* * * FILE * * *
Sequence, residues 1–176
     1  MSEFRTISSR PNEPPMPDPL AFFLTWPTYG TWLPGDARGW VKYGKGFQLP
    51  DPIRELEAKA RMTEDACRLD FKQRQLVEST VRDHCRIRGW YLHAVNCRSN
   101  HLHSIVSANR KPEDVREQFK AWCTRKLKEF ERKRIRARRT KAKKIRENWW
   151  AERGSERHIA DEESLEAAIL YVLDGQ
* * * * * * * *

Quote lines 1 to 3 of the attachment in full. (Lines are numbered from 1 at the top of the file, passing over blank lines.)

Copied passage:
Sequence, residues 1–176
     1  MSEFRTISSR PNEPPMPDPL AFFLTWPTYG TWLPGDARGW VKYGKGFQLP
    51  DPIRELEAKA RMTEDACRLD FKQRQLVEST VRDHCRIRGW YLHAVNCRSN